JAN 2013

EyeWorld is the official news magazine of the American Society of Cataract & Refractive Surgery.

Issue link: https://digital.eyeworld.org/i/104833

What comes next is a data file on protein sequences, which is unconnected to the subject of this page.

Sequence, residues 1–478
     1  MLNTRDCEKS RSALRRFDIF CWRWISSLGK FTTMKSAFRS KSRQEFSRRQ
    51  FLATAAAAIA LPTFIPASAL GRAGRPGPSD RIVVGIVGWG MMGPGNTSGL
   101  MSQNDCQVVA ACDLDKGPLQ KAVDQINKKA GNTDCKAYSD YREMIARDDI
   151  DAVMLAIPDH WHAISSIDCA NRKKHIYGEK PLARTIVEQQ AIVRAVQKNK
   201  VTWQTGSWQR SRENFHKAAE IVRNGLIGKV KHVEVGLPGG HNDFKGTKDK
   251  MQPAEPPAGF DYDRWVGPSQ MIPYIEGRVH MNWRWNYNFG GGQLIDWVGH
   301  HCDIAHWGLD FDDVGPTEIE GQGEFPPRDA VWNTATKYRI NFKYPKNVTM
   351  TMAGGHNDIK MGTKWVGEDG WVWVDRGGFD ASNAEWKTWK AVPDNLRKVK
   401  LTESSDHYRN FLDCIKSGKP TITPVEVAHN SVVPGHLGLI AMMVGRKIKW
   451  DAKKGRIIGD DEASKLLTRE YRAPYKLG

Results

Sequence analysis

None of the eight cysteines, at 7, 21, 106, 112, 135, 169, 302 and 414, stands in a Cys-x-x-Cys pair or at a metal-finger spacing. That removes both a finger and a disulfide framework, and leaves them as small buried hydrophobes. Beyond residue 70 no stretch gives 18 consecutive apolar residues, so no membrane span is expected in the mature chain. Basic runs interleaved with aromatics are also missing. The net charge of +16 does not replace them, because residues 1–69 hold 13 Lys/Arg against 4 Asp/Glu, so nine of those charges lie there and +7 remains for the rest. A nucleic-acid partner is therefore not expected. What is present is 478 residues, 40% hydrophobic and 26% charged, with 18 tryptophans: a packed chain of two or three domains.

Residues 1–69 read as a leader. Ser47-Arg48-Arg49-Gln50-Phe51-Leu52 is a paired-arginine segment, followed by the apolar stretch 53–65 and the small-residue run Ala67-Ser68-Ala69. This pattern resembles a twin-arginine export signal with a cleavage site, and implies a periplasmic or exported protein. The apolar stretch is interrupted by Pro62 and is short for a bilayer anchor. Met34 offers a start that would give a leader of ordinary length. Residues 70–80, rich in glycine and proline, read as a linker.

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January 2013 three populations, using the CSV1000. In summary, Presbyond Laser Blended Vision is a solution for presbyopia that meets all the goals of good binocular vision at all distances, no compromise in safety, contrast sensitivity, or night vision, and retention of functional stereo acuity. The procedure is immediately reversible by wearing spectacles, or a simple retreatment can be done using a standard excimer laser ablation with the advantage of keeping the depth of field. All this is achieved while simultaneously correcting a wide range of refractive errors and astigmatism levels. The key to this approach was to base it on the natural mechanisms of spherical aberration processing and binoc- ular fusion, unlike multifocal approaches that require the patient to adjust to the unnatural situation of having to differentiate between two images in the same eye. EW Editors' note: Dr. Reinstein practices at the London Vision Clinic, London, and is affiliated with the Department of Ophthalmology, Columbia University Medical College, New York, and the Centre Hospitalier National d'Ophtalmologie, Paris. He has financial interests with Carl Zeiss Meditec and ArcScan Inc. (Morrison, Colo.). Contact information Reinstein: +44 020 7224 1005,  dzr@londonvisionclinic.com IKS is massive undertaking for ACS The Asia Cornea Society's Infectious Keratitis Study (ACSIKS) is set to be a major game changer for the region. "Corneal blindness is big in Asia," said Donald Tan, M.D., Singapore, current president of the Cornea Society and the Asia Cornea Society (ACS). It's a fair statement, summarizing the significance of the most important cause of blindness in the region second only to cataract, but it barely scratches the surface, given the full scope and many nuances of the problem. Most corneal disease in the world occurs in Asia, said Prof. Tan. Here, he said, corneal ulceration is a "silent epidemic." But the challenge of corneal blindness in Asia isn't confined to magnitude; unsurprisingly for the region, huge variations exist from country to country, such that the problem runs the gamut of the entire spectrum of corneal infections. Epidemiological patterns, for one, differ significantly, said Prashant Garg, M.D., Hyderabad, India. For instance, whereas studies have identified contact lens use and ocular surface disease as the major risk factors for microbial keratitis in a developed region like Hong Kong, trauma is the most prevalent cause of infection in India, affecting a correspondingly different age group: Most patients in India, said Dr. Garg, fall in the range of 20-50 years—the economically productive age group. Wide variations also exist from country to country in terms of pathogen, environmental risk factors, the availability of drugs, antibiotic resistance patterns, access to treatment, and any number of other variables that have yet to be adequately quantified. To this end, the ACS has embarked on the ACSIKS, a multicenter, prospective observational study in 11 study centers in eight major locations (China, India, Japan, Korea, Philippines, Taiwan, Thailand, and Singapore). The study is intended to document the clinical management practices of doctors all over the region, while also collecting microbiological samples from recruited cases. To date, said Prof. Tan, the study has recruited 2,118 cases, with preliminary data analysis of 1,544 of these cases. Preliminary analysis, he said, has identified fungal and bacterial pathogens to be the main causes of infectious keratitis in the region. Editors' note: ACSIKS is made possible by the support of Alcon (Fort Worth, Texas), Allergan (Irvine, Calif.), Bausch + Lomb (Rochester, N.Y.), and Santen (Napa, Calif.).

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